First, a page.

PUC Training: Working with Patxi Usobiaga

 

My forearms felt like they were ready to burst open like over-cooked tomatoes. Nevertheless, I strapped on the weight vest while watching the clock tick down painfully fast. I pulled onto the wall right as the clock hit zero. 60 moves later I collapsed onto the padded floor once more, nothing left of me but glassy eyes and pumping lungs. “One more set,” I heard Patxi Usobiaga tell me from across the world. I closed my eyes and eagerly anticipated ticking the session off. I wondered if Usobiaga had updated my schedule for the final month of training.

Patxi Usobiaga, 39, is 5-foot-9 with a fighter’s build. His dark, scruffy beard complements his dark curly hair and intense blue eyes. Usobiaga has a tattoo of his Jack Russell terrier on one forearm and his PUC Training logo on his bicep. Through his PUC Training program and years of climbing experience, Usobiaga has become a training master for the world’s best climbers. Before becoming a leading sensei, Usobiaga was a competition frontrunner. He was the Overall Lead World Cup winner in 2006 and 2007, the 2008 European Champion and, at 28, the 2009  Lead World Champion.

“I was small, had no finger strength, biceps or anything when I first started climbing,” Usobiaga told me in an interview for Gym Climber after I completed his program. In the film “Progression,” Usobiaga said: “The other climbers are really talented so they don’t need to train as hard as I do. But I have to work fucking hard. My talent is being a masochist. My training totally breaks your body and your mind. But it’s worth it to be a champion.” Usobiaga lived his life with circuits, campusing and carefully measured portions of food.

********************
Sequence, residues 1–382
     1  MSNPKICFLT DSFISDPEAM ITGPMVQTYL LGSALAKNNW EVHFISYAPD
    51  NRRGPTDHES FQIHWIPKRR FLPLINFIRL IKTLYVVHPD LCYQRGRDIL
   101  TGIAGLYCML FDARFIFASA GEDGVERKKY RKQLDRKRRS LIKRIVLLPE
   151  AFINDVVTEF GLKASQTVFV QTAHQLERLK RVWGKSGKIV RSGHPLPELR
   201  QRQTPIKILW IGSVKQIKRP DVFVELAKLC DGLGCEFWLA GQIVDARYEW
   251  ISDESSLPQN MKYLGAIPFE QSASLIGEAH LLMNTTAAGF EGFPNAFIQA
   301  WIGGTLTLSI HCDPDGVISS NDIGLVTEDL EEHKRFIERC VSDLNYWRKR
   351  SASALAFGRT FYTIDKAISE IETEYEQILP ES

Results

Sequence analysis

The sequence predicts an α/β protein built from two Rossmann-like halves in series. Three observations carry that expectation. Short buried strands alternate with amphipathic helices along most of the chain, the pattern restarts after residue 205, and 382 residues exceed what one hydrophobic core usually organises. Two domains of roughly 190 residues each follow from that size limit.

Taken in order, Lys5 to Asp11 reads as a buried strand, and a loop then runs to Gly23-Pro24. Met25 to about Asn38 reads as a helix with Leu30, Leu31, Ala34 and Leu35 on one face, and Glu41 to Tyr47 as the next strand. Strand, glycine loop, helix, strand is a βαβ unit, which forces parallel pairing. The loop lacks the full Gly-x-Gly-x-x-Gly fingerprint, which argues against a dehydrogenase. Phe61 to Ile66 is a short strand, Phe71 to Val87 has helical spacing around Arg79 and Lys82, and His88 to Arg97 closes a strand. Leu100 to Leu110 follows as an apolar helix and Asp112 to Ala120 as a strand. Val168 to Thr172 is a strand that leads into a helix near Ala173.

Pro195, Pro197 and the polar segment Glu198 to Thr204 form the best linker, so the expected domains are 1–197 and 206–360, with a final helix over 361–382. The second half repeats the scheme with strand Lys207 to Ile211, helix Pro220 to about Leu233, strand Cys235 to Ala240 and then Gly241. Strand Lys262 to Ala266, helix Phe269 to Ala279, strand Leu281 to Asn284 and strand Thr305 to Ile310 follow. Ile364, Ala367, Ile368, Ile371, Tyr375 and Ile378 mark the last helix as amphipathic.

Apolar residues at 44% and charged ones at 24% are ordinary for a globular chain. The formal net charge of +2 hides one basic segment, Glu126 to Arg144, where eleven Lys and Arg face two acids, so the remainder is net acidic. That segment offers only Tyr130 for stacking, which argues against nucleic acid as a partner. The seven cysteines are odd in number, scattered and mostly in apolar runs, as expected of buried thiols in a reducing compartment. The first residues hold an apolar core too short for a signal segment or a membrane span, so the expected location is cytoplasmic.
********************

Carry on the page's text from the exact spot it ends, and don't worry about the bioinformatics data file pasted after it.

I’d heard about Usobiaga from years on the comp circuit myself, though he unfortunately retired a year before my first international competition. Following his World Championship victory in July of 2009, Usobiaga underwent shoulder surgery in late December. Just as he was recovered and re-gaining fitness, he hydroplaned his car during a storm. 

“I finished 2010,” said Usobiaga, “without being able to look up.” With a herniated disc in his neck and following a painful year on the sidelines, Usobiaga retired from climbing for nearly three years. 

“That break gave me a very different perspective of climbing,” Usobiaga said in the recent interview. “I now enjoy it in a different way.” 

Usobiaga made his way back to the sport in 2012, after a friend begged him for a belay one day. 

“As soon as I put the climbing shoes on,” Usobiaga said in an interview with EpicTV, “I felt something special, something like I need to start again.”

Soon his outdoor ascents were as impressive as his competition accomplishments. Usobiaga sent several 9a+ routes, including his long term project Pachamama (9a+, 5.15a). After working with a handful of other athletes, he discovered that his training methods were widely effective. He formed the PUC Training service, which stood for Patxi Usobiaga Climbing. It took off. Usobiaga’s detailed—and called by some sadistic—training plans were used by Adam Ondra, Chris Sharma and Daniel Woods, to name a few.

“I plan everything super systematically,” said Usobiaga. For his own training, he “tries it and I’m going A MUERTE until I get it.” He expects the same attitude of his clients. 

It was with that in mind that I signed myself up for a three-month online course. Why do the best climbers in the world seek him out? How much would his training help someone like me, who’s been climbing for over a decade and has already worked with other top-caliber coaches? I was going to find out.